Poland: Government minister says opposition’s destructive climate change policy would ‘marginalise’ the country in Europe


Krystina Shveda


Poland is holding a general election on October 25, and it’s a massively significant one for energy and climate across Europe. In the coming weeks, we’ll be covering the key energy issues.

Poland’s nationalist Law and Justice party intends on disrupting negotiations at the UN climate conference in Paris later this year, an MEP said this week.

At a televised political debate on Wednesday, Konrad Szymański of the far right party said: “If there is anything in the EU we should struggle with, it’s the climate package because the ability to develop our economy is what’s at stake.”

He warned that Poland would pay too high a price if the EU’s “ambitious climate policy” goes ahead, and suggested the country should have interests in Europe instead of allies.

This isn’t the first time Law and Justice has spoken out against a global climate deal; MP Piotr Naimski this month said: “It will be better for Poland if the climate summit in Paris fails.”

The opponent at the Polityka Insight debate, Rafał Trzaskowski from the ruling Civic Platform party, suggested cooperation on climate policy is essential if Poland is to remain an equal partner in the EU — and get funding for economic reforms.

“We negotiated the absolute maximum from the European Commission before the climate talks in Paris. The only alternative solution would be to leave the discussion completely. But then how could we stay effective?”

He concluded: “If the ideas of the Law and Justice party on climate policy were implemented, Poland would become marginalised in Europe.”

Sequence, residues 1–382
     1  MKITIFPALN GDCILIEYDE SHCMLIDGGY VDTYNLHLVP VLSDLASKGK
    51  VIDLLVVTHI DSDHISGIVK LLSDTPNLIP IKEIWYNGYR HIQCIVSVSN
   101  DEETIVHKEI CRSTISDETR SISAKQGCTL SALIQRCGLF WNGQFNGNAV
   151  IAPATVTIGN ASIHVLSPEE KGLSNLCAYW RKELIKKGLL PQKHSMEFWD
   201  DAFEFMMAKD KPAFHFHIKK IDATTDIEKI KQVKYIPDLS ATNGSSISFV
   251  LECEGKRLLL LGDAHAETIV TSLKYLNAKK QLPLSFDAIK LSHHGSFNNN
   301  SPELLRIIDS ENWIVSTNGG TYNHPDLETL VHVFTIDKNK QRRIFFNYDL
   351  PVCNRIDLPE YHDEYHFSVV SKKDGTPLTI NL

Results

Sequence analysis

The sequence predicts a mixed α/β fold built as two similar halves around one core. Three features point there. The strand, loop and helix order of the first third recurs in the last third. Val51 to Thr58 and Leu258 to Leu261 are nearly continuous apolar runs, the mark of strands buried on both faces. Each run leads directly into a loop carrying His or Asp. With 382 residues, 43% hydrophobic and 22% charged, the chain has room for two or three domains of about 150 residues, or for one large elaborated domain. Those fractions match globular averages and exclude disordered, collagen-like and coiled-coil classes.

Though the parties are split on Europe, they tend to agree on other aspects of energy policy. Both, for instance, claim to recognise the need to modernise the energy system.

But where Law and Justice sees the solution as coming from within Poland and is deeply sceptical of any climate legislation, Civic Platform thinks the EU can support its modernisation.

Trzaskowski said: “The energy sector will be modernised for real. We can’t pretend that the Polish economy should not adapt to climate requirements. “

That’s not to say the more liberal party is pro-climate. Both sides are jostling for the significant coal miner vote.

The crisis surrounding mining giant Kompania Weglowa, one of the key election issues, has both centre and right trying to figure out a way to rescue the increasingly unprofitable company (and industry).

Earlier this year the government attempted to close four of Weglowa’s 14 most unprofitable mines, but changed course when the powerful miners union organised mass strikes.


The coal crisis

The pollution crisis

The political crisis